Space

Systems integration complete on Orion Service Module

Systems integration complete o...
Orion European Service Module-1 seen from below
Orion European Service Module-1 seen from below
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Artist's concept of the Orion spacecraft
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Artist's concept of the Orion spacecraft
Orion European Service Module-2 wiring
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Orion European Service Module-2 wiring
Technicians working on the Orion Service Module-1 radiator installation
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Technicians working on the Orion Service Module-1 radiator installation
Orion European Service Module-1 seen from below
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Orion European Service Module-1 seen from below
Technicians working on the Orion European Service Module-1
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Technicians working on the Orion European Service Module-1
Exploration Mission-1 plan
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Exploration Mission-1 plan
Artist's concept of the Orion spacecraft
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Artist's concept of the Orion spacecraft
Orion European Service Module-2 wiring
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Orion European Service Module-2 wiring
Technicians working on the Orion Service Module-1 radiator installation
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Technicians working on the Orion Service Module-1 radiator installation
Orion European Service Module-1 seen from below
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Orion European Service Module-1 seen from below
Technicians working on the Orion European Service Module-1
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Technicians working on the Orion European Service Module-1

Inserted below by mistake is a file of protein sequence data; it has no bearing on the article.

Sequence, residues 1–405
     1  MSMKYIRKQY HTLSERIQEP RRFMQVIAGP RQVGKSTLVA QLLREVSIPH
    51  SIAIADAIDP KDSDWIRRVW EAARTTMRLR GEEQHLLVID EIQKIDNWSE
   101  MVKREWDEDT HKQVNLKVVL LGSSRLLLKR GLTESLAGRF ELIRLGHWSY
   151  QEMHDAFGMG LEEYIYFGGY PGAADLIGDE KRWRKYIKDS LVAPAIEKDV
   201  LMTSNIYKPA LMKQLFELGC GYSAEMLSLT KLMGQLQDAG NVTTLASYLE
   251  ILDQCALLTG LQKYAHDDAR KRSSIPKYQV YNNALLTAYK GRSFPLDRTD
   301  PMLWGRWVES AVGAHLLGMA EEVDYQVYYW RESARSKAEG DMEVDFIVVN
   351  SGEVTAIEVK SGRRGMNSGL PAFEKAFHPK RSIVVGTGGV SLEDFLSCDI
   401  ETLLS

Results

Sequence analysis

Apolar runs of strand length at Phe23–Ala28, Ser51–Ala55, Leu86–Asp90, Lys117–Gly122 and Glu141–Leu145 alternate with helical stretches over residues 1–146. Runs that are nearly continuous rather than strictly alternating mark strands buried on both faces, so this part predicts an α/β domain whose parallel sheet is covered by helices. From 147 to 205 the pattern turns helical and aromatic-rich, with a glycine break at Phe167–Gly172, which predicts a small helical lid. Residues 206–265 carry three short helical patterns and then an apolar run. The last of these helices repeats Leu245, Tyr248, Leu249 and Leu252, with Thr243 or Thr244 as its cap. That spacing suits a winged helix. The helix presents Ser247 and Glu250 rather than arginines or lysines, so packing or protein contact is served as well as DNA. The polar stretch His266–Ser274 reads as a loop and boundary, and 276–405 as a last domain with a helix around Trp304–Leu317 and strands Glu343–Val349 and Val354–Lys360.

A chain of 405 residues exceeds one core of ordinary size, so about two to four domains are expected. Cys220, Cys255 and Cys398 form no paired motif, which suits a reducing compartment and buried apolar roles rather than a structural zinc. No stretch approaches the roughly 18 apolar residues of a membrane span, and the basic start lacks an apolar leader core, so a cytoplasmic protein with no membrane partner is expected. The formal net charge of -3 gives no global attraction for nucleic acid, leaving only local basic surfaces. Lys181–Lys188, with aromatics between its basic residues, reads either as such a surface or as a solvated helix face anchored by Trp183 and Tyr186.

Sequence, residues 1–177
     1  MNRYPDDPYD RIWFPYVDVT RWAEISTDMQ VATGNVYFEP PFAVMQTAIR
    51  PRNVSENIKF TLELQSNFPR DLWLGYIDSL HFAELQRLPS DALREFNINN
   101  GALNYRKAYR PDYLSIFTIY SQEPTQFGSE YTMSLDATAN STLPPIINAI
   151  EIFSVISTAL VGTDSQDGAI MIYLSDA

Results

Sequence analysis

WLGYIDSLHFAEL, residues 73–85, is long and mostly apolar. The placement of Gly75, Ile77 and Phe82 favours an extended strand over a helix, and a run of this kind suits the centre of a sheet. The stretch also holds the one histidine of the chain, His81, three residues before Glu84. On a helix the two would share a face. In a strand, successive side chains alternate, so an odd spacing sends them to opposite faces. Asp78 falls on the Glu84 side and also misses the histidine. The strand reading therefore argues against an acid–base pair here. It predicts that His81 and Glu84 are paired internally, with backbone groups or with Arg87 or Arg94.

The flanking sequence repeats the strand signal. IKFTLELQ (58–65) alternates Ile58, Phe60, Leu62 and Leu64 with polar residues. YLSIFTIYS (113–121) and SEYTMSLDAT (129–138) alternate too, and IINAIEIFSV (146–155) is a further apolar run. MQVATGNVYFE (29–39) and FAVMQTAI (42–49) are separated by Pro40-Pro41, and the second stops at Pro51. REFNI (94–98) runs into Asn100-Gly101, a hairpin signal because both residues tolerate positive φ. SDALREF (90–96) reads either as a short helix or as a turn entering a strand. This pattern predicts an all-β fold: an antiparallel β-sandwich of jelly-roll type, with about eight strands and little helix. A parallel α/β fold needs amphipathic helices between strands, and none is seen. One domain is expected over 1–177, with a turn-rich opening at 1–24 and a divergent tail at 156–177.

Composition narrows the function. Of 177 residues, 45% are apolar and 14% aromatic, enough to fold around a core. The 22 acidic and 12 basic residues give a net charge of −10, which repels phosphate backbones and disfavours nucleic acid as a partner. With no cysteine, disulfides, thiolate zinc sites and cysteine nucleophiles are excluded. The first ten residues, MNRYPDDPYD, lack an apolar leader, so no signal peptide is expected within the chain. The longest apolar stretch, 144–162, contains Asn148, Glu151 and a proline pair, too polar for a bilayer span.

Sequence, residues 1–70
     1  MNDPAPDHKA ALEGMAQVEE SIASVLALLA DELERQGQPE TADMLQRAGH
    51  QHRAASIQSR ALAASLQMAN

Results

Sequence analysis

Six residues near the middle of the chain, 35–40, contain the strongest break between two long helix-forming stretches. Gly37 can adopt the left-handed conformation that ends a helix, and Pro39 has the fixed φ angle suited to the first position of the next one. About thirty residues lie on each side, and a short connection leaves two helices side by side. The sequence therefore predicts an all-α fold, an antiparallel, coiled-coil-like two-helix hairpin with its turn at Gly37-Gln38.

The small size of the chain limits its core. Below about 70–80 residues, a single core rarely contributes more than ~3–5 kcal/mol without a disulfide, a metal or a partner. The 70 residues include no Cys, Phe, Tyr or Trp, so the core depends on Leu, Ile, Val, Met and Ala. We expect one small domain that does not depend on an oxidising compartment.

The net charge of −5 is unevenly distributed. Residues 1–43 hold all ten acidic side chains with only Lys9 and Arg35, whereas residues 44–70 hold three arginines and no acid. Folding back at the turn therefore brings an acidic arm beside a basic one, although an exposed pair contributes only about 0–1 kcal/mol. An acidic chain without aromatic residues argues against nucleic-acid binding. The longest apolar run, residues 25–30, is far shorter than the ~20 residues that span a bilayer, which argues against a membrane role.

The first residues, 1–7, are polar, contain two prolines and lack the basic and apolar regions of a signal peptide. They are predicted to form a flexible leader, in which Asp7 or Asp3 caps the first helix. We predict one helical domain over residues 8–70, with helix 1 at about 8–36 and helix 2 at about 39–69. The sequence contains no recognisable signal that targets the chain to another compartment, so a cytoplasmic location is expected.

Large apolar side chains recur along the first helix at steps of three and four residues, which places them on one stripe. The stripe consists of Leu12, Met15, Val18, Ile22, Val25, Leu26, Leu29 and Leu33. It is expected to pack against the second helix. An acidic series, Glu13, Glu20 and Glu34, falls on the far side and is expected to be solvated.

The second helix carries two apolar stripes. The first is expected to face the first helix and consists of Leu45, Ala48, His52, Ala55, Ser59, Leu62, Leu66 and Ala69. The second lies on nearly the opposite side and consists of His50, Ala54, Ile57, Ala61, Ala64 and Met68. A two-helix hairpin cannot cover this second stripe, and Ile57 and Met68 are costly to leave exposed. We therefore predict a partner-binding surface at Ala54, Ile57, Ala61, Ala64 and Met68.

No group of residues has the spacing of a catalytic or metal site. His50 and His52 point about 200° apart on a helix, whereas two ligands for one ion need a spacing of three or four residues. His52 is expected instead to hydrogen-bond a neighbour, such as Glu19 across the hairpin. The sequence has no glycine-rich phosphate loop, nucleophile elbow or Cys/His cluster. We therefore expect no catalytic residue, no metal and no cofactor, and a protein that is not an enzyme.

Exploration Mission-1 plan
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Exploration Mission-1 plan
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The European Service Module for the next Orion mission has completed final system integration at the Airbus facility in Bremen, Germany after technicians installed the last radiator unit. The first mission-critical component to be supplied by ESA to NASA, the Service Module will fly on the unmanned Exploration Mission-1 in June 2020 that will demonstrate the Orion spacecraft's capabilities during a 25-day cislunar mission.

According to ESA, last week's radiator installation marked the end of system integration as the radiators act like the bonnet of a car, sealing off the module's interior to further access by technicians. The module is now undergoing extensive testing of the radiators, power, air, and water systems, as well as the propulsion system's 33 thrusters and their propellant feed lines.

After testing, the module and its solar panel package will be flown to NASA's Kennedy Space Center in Florida for final assembly and stacking with the Orion crew capsule, producing the first fully-complete Orion spacecraft (the previous version used a dummy version of the Service Module). The spacecraft will then be subjected to vacuum and vibration tests to determine if it can withstand the stresses of lift off and flight.

Artist's concept of the Orion spacecraft
Artist's concept of the Orion spacecraft

When the next Service Module is ready for the first manned Orion flight, Exploration Mission-2, it will have a launch mass of 13,500 kg (29,762 lb) out of the Orion's total 20 tonnes and carry 8,660 kg (19,092 lb) of propellant, 240 kg (529 lb) of potable water, 20 kg (45 lb) of nitrogen, and 90 kg (198 lb) of oxygen.

Source: ESA

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